Chapter 4, Memory Management, is all about memory. It starts with a discussion on strings, arrays, and how their memory is managed. After that, we will move to the memory functions exposed by Delphi. We'll see how we can use them to manage memory. Next, we'll cover records—how to allocate them, how to initialize them, and how to create useful dynamically-allocated generic records. We'll then move into the murky waters of memory manager implementation. I'll sketch a very rough overview of FastMM, the default memory manager in Delphi. First, I'll explain why FastMM is excellent and then I'll show when and why it may slow you down. We'll see how to analyze memory performance problems and how to switch the memory manager for a different one. In the last part, we'll revisit the SlowCode program and reduce the number of memory allocations it makes.

Chapter 5, Getting Started with the Parallel World, moves the topic to parallel programming. In the introduction, I'll talk about processes and threads, and multithreading and multitasking to establish some common ground for discussion. After that, you'll start learning what not to do when writing parallel code. I'll explain how the user interface must be handled from background threads and what problems are caused by sharing data between threads. Then, I'll start fixing those problems by implementing various kinds of synchronization mechanisms and interlocked operations. We'll also deal with the biggest problem synchronization brings to the code—deadlocking. As synchronization inevitably slows the program down, I'll explain how to achieve the highest possible speed using data duplication, aggregation, and communication. At the end, I'll introduce two third-party libraries that contain helpful parallel functions and data structures.

Chapter 6, Working with Parallel Tools, focuses on a single topic, Delphi's TThread class. In the introduction, I'll explain why I believe that TThread is still important even in this modern age. I will explore different ways in which TThread based threads can be managed in your code. After that, I'll go through the most important TThread methods and properties and explain what they're good for. In the second part of the chapter, I'll extend TThread into something more modern and easier to use. Firstly, I'll add a communication channel so that you'll be able to send messages to the thread. After that, I'll implement a derived class designed to handle one specific usage pattern and show how this approach simplifies writing parallel code to the extreme.

Chapter 7, Exploring Parallel Practices, moves the multithreaded programming to more abstract terms. In this chapter, I'll discuss modern multithreading concepts: tasks and patterns. I'll look into Delphi's own implementation, Parallel Programming Library, and demonstrate the use of TTask/ITask. We'll look at topics such as task management, exception handling, and thread pooling. After that, I'll move on to patterns and talk about all Parallel Programming Library patterns: Join, Future, and Parallel For. I will also introduce two custom patterns—Async/Await and Join/Await—and finish the chapter with a discussion on the Pipeline pattern from OmniThreadLibrary.Chapter 8, Using External Libraries, admits that sometimes Delphi is not enough. Sometimes the problem is too complicated to be efficiently solved by a human. Sometimes Pascal is just lacking the speed. In such cases, we can try finding an existing library that solves our problem. In most cases, it will not support Delphi directly but will provide some kind of C or C++ interface. This chapter looks into linking with C object files and describes typical problems that you'll encounter on the way. In the second half, I'll present a complete example of linking to a C++ library, from writing a proxy DLL to using it in Delphi.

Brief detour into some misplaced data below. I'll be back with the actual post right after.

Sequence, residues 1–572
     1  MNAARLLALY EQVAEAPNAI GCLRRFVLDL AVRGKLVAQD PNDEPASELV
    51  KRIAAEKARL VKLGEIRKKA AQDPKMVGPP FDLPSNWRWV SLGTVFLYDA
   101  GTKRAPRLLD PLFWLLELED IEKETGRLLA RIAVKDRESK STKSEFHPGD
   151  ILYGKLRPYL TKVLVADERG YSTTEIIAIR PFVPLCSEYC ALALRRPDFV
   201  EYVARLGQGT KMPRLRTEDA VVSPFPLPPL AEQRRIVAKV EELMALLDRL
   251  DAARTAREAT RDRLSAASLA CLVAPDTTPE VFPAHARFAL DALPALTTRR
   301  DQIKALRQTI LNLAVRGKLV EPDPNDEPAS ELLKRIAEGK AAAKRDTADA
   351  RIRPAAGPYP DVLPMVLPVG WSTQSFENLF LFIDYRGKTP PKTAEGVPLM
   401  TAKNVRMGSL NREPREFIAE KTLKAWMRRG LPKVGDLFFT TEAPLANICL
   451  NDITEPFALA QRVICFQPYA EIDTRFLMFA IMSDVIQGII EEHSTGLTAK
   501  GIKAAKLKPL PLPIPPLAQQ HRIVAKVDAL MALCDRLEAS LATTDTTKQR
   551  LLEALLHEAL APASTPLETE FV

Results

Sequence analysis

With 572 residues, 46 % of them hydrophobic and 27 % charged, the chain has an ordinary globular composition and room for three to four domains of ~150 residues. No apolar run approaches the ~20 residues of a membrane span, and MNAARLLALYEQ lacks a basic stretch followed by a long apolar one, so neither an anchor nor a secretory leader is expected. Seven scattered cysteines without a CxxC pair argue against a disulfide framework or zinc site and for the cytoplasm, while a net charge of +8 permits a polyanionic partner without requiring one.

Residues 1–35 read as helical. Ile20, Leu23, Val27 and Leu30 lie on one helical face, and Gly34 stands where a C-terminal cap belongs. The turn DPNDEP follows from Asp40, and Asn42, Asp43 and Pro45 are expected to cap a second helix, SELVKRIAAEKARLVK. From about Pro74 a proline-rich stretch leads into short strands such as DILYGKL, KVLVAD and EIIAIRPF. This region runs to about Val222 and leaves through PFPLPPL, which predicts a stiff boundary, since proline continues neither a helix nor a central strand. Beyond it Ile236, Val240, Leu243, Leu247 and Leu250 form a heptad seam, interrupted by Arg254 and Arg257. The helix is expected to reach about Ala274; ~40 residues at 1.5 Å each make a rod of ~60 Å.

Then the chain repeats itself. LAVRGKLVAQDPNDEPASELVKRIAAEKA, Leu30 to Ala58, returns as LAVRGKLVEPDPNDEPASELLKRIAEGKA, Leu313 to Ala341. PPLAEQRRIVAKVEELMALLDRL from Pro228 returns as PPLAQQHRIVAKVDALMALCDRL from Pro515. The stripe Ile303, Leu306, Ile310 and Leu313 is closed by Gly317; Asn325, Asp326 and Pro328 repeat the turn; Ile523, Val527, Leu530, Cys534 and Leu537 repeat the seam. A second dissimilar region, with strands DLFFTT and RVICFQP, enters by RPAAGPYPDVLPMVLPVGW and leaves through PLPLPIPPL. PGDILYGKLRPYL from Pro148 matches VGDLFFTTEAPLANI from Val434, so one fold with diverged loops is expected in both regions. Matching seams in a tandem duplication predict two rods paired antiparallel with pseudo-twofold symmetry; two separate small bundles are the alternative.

Chapter 9, Best Practices, wraps it all up. In this last chapter, I'll revisit all the important topics I explored in previous chapters. At the same time, I'll drop in some additional tips, tricks, and techniques.

To get the most out of this book

Although you can read this book in bed or on the beach, you will need a computer and Delphi to play with the code examples. The code was written in Delphi 10.2 Tokyo, but it should also work without a problem in the older versions. I did use some modern features in demos—and dedicated a chapter to Parallel Programming Library that was introduced in Delphi XE7—so anything older than that is hit and miss.

This book does not refer to any functionality specific to the Enterprise edition. You'll be able to test all the code with the entry-level professional edition.

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Conventions used

There are a number of text conventions used throughout this book.

CodeInText: Indicates code words in text, database table names, folder names, filenames, file extensions, pathnames, dummy URLs, user input, and Twitter handles. Here is an example: "A string parameter value is present in a string list."

A block of code is set as follows:

function IsPresentInList(strings: TStrings; const value: string): Boolean;
  i: Integer;
  Result := False;
  for i := 0 to strings.Count - 1 do 
    if SameText(strings[i], value) then 

Bold: Indicates a new term, an important word, or words that you see onscreen. For example, words in menus or dialog boxes appear in the text like this. Here is an example: "Go to Options | Options, then select General Search directory."


Warnings or important notes appear like this.


Tips and tricks appear like this.